“Walter Tevis wrote six novels and a surprising number made high-profile leaps to the screen.”

From a New York Times story by Nancy Wartik headlined “Walter Tevis Was a Novelist. You Might Know His Books Better as Movies”:

The popular Netflix series “The Queen’s Gambit” has done for chess what Julia Child once did for French cooking. Chess set sales have skyrocketed; enrollment in online chess classes has surged. . . . The novel that inspired the show, first published in 1983, has been on The New York Times’s trade paperback best-seller list for five weeks.

Yet little attention has been paid to Walter Tevis, the author whose creation has stirred all the commotion.

Tevis once pegged himself as “a good American writer of the second rank.” But Allan Scott, the screenwriter who first optioned “The Queen’s Gambit” in the 1980s, disagrees. . . .

“I think very highly of Tevis,” he said in an email. “I think he was one of the best American writers of the 20th century. ‘The Queen’s Gambit’ lays out a terrific story very simply. Child, mother killed, orphanage, touch of genius, addiction. It’s Dickensian.” (It took decades to bring the book to the screen, Mr. Scott said, because studios thought the subject of chess was a commercial dead-end.)

Born in 1928, Tevis wrote six novels, a surprising number of which made high-profile leaps to the screen: “The Hustler,” about a young pool shark played by Paul Newman; “The Man Who Fell to Earth,” starring David Bowie as a lonesome alien; and “The Color of Money,” a follow-up to “The Hustler,” which won Mr. Newman his first Oscar. Tevis’s 1980 science fiction book, “Mockingbird,” a commentary on humanity’s dwindling interest in reading, has long had a modest cult following.

Tevis was a family man who played board games and fished with his kids; a popular professor of writing and literature at Ohio University in Athens; a cat-lover and movie aficionado; and a talented amateur chess and pool player. He was pale and gangly; some of his students called him “Ichabod Crane.” He was also a three-pack-a-day smoker, a serious gambler and an alcoholic who made several suicide attempts. His fiction often plumbs his psyche, metaphorically. . . .

Tevis considered his terrain to be the world of underdogs.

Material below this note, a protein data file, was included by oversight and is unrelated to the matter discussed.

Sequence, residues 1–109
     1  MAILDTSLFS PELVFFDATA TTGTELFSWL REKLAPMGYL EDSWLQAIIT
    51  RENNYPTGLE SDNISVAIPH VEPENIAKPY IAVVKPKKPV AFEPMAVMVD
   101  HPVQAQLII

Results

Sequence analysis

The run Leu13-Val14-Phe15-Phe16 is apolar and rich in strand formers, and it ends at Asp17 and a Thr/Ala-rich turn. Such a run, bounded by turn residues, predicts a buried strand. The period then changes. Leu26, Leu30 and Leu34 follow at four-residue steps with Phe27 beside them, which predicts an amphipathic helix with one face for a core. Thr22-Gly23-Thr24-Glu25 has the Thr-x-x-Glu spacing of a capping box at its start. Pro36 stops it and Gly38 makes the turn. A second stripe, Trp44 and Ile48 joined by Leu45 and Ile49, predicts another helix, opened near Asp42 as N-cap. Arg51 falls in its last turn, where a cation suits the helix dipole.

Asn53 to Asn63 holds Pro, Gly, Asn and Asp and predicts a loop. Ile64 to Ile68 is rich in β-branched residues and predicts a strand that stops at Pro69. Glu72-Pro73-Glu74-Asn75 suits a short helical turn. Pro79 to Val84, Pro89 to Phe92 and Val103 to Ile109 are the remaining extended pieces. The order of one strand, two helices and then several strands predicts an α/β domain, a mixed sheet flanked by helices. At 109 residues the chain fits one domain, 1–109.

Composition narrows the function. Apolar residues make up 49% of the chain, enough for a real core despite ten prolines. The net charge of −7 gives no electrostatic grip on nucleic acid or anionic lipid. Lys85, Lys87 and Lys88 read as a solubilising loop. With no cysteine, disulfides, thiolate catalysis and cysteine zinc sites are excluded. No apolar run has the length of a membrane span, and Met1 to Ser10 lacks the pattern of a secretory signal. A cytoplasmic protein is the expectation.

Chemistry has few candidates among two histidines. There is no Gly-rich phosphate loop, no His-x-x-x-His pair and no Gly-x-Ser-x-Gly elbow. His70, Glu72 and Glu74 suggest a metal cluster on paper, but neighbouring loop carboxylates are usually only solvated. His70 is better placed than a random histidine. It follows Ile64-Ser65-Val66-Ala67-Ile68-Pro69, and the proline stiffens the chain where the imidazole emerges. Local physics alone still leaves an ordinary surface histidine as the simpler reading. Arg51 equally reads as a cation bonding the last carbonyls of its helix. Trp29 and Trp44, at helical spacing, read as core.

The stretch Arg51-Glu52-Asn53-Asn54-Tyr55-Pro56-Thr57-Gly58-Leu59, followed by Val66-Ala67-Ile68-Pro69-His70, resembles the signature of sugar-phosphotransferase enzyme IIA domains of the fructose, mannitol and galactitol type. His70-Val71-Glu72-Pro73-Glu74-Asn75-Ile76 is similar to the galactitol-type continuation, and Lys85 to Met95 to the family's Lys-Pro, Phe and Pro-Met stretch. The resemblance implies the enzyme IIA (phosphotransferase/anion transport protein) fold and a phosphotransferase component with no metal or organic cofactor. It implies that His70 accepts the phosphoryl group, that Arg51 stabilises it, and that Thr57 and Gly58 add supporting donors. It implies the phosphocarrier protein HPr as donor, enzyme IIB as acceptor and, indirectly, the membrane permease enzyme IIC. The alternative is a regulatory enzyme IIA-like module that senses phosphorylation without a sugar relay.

“I write about losers and loners,” he told this newspaper in 1983. “If there’s a common theme in my work, that’s it. I invented the phrase ‘born loser’ in ‘The Hustler.’ In one way or another I’m obsessed with the struggle between winning and losing.”

Tevis was born in San Francisco, into what he called a “feelingless, uptight” home. His parents moved to Kentucky when he was 10. Because young Walter had a heart condition, his parents left him behind in a convalescent home, where he spent months drugged on phenobarbital like Beth Harmon, the main character in “The Queen’s Gambit.”. . .

The day he turned 17, Tevis joined the Navy. On a ship home from Okinawa, he met Hilary Knight, who went on to illustrate the Eloise books. The two connected instantly, Mr. Knight, now 94, recalled, because both were “total misfits.”

“We were two people in a dream world, though his was much more logical than mine,” Mr. Knight said. “The other crew paid little or no attention to us. They didn’t want to know these weirdos. Walter was too smart, and the ship was full of dumbbells. We had a great time laughing about everything.”

“The Hustler,” drawn from Tevis’s rough-and-tumble pool hall experiences before and after the war, came out in 1959, followed by “The Man Who Fell to Earth” in 1963. Then, Tevis published almost nothing until 1980. He and his wife, whom he met when they taught at the same high school, raised two children while Tevis was at Ohio University. He played chess and shot pool, often with his colleague Daniel Keyes, who wrote “Flowers for Algernon.” Tevis drank heavily and his marriage suffered. Even so, his children remember Tevis as a devoted parent. . . .

In the mid-1970s, Tevis sobered up, partly with help from Alcoholics Anonymous. Deeply frustrated by his writer’s block, he got a divorce and decided to try his creative luck in Manhattan. He began a relationship with, and eventually married, Eleanora Walker, who worked for his agent. He reconnected with Mr. Knight: “We became great friends again,” Mr. Knight said.

Tevis also regained his writerly mojo, finishing four more novels and a collection of short stories. He helped convince Paul Newman to star in the movie version of “The Color of Money.” He also wrote “The Queen’s Gambit” during those years. The writer Tobias Wolff called it an “overlooked masterpiece.”

“Tevis has a gift for vivid characterization and propulsive narratives,” Mr. Wolff said in an email. “His style is direct and efficient, never calling attention to itself; yet it grows in power through the course of a novel by its very naturalness.”. . .

In a 1981 interview, Tevis said he’d realized in middle age that “life is worth living.” He hoped to write one book per year for the rest of his life. Just three years later, he died of lung cancer, at 56.

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